We want our parents - and by extension, the world - to see and appreciate us as we really are. That struggle speaks to the generational gaps that most of us have had to reckon with at some point in our lives. In the amusingly raunchy and surprisingly tenderhearted documentary My Son the Pornographer, this dynamic plays out in the extreme.
Art Holbrook is a 65-year old staunchly conservative Canadian who harbors a deep regret. Years ago, he began a relationship with a woman who had two children from a previous marriage – Gina and Kole. Even though that relationship ultimately dissolved, he managed to form an unshakable bond with her kids, and vowed to remain a strong and familial presence in their lives no matter what.
The children found no consistency or grounding after their mother moved away from Art. This was particularly true of Kole, who soon suffered encounters of sexual molestation at the hands of an older man. Upon learning of these episodes of abuse many years later, Art is stricken by a profound sense of remorse. He believes that this childhood trauma likely holds a direct link to Kole's wayward existence today, and his profession as a writer and actor in the pornographic film industry in Prague. Did he do enough to protect the boy he loved as his own son, and is there still hope that he can help Kole heal from these long-festering wounds?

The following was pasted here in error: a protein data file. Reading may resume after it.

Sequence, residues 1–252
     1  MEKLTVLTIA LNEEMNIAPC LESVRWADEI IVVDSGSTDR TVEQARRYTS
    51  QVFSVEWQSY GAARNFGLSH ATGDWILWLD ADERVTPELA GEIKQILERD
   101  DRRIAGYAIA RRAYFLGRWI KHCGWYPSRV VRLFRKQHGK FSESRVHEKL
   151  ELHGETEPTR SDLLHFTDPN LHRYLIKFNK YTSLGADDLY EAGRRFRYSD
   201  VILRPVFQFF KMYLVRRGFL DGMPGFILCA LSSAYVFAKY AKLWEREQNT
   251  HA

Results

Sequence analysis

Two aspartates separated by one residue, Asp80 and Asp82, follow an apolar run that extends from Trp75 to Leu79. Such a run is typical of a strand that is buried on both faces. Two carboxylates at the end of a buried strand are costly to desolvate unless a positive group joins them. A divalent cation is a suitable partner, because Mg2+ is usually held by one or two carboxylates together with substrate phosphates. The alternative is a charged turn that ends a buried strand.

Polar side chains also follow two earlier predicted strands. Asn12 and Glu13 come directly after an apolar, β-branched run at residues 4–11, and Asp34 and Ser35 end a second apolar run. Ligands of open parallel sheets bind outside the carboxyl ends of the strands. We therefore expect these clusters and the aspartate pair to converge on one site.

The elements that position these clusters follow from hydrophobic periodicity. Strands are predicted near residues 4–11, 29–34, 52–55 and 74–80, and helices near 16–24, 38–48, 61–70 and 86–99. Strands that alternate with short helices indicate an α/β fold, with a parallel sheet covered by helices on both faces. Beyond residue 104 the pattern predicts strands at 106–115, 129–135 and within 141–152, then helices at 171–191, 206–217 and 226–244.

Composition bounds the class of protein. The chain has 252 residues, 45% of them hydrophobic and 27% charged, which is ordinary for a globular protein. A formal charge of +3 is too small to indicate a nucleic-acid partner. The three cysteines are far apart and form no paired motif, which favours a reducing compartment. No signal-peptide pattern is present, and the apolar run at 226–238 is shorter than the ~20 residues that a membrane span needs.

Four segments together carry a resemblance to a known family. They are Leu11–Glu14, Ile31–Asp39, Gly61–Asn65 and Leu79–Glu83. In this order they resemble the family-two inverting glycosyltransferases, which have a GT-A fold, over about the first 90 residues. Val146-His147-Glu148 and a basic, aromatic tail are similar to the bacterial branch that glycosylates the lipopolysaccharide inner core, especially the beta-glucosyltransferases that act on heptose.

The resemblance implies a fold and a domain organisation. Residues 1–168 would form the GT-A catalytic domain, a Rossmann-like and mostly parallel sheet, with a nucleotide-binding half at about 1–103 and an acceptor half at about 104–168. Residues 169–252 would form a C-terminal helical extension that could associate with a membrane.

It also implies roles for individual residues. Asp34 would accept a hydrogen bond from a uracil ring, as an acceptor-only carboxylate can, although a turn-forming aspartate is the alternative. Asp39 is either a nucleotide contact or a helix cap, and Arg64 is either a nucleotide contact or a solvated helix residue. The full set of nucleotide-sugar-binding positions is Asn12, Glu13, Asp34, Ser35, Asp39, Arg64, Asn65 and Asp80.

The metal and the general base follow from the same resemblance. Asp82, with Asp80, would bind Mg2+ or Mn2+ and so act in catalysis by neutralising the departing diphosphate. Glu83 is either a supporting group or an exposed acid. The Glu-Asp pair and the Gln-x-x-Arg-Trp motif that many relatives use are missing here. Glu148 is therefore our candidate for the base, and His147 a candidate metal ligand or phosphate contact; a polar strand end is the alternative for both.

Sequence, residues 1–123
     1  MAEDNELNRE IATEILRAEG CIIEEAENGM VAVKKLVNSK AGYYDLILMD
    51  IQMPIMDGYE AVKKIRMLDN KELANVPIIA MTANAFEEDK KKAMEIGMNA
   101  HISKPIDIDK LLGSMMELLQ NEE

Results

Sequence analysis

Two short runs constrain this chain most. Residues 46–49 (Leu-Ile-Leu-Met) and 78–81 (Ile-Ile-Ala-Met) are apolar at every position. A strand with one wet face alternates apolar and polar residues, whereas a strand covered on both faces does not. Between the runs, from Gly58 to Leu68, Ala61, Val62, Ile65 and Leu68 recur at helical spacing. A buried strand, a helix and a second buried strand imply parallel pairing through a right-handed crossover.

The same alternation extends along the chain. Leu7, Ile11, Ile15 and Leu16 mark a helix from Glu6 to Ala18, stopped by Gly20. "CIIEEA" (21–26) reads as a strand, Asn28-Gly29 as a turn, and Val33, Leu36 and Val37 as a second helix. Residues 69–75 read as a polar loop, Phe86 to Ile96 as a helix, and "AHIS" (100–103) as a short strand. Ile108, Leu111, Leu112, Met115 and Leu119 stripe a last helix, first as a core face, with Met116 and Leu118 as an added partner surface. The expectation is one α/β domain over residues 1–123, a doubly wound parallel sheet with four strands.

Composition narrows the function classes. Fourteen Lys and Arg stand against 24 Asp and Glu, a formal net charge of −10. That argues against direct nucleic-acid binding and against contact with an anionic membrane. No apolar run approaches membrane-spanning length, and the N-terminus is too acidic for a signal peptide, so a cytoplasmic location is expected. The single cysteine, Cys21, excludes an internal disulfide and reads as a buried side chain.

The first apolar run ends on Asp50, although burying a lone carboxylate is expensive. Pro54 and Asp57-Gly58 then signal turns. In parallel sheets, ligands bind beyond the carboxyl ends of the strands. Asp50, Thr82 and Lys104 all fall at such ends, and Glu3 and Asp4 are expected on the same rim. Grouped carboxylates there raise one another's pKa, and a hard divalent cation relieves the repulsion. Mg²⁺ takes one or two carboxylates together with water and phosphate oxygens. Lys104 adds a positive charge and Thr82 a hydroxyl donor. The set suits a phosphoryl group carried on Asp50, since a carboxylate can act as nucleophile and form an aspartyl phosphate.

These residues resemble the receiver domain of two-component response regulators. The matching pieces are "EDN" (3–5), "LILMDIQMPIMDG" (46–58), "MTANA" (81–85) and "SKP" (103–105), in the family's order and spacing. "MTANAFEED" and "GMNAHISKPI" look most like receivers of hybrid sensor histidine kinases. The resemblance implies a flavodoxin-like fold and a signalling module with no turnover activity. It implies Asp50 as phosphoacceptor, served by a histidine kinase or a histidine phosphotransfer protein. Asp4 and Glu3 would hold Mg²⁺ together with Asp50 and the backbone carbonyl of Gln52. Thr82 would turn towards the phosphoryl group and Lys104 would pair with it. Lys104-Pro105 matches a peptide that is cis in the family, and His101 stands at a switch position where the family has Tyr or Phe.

Accompanied by a documentary crew, Art heads to Prague, and immerses himself in Kole's world. The comedy of culture shock ensues as Art integrates himself into Kole's circle of friends and co-workers. In the process, his severely judgmental instincts begin to soften as he reaches a new level of acceptance and surrender. In turn, Kole reconnects with the only real family he's ever known, and works to find the strength to reclaim a sense of happiness and purpose in his life. Amidst the delirious and outrageous world of amateur pornography, and the painful remnants of deep-seated trauma, a delicate love story between a father and son unfurls before our eyes.
With great humor and pathos, My Son the Pornographer speaks to our ability to find common ground and overcome any obstacle through love and understanding.